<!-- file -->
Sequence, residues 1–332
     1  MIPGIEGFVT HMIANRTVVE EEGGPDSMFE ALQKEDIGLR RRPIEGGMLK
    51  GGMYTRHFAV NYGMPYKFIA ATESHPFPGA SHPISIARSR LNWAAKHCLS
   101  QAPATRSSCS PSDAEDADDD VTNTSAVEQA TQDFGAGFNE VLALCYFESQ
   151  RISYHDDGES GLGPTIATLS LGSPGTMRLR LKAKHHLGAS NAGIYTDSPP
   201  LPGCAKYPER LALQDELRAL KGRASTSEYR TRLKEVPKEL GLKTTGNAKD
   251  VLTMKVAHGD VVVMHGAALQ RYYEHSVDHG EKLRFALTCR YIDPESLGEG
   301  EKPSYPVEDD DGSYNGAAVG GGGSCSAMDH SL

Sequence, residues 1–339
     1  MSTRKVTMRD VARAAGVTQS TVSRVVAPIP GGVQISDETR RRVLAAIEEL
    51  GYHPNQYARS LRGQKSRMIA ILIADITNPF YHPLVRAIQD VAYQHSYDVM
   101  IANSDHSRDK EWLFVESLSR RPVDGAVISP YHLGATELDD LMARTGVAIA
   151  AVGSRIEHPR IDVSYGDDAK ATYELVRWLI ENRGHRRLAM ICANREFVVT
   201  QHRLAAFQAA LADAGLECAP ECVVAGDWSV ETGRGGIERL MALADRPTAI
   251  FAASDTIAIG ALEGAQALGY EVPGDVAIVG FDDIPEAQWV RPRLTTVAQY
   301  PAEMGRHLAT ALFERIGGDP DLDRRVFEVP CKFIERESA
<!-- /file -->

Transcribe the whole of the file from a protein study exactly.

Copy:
Sequence, residues 1–332
     1  MIPGIEGFVT HMIANRTVVE EEGGPDSMFE ALQKEDIGLR RRPIEGGMLK
    51  GGMYTRHFAV NYGMPYKFIA ATESHPFPGA SHPISIARSR LNWAAKHCLS
   101  QAPATRSSCS PSDAEDADDD VTNTSAVEQA TQDFGAGFNE VLALCYFESQ
   151  RISYHDDGES GLGPTIATLS LGSPGTMRLR LKAKHHLGAS NAGIYTDSPP
   201  LPGCAKYPER LALQDELRAL KGRASTSEYR TRLKEVPKEL GLKTTGNAKD
   251  VLTMKVAHGD VVVMHGAALQ RYYEHSVDHG EKLRFALTCR YIDPESLGEG
   301  EKPSYPVEDD DGSYNGAAVG GGGSCSAMDH SL

Sequence, residues 1–339
     1  MSTRKVTMRD VARAAGVTQS TVSRVVAPIP GGVQISDETR RRVLAAIEEL
    51  GYHPNQYARS LRGQKSRMIA ILIADITNPF YHPLVRAIQD VAYQHSYDVM
   101  IANSDHSRDK EWLFVESLSR RPVDGAVISP YHLGATELDD LMARTGVAIA
   151  AVGSRIEHPR IDVSYGDDAK ATYELVRWLI ENRGHRRLAM ICANREFVVT
   201  QHRLAAFQAA LADAGLECAP ECVVAGDWSV ETGRGGIERL MALADRPTAI
   251  FAASDTIAIG ALEGAQALGY EVPGDVAIVG FDDIPEAQWV RPRLTTVAQY
   301  PAEMGRHLAT ALFERIGGDP DLDRRVFEVP CKFIERESA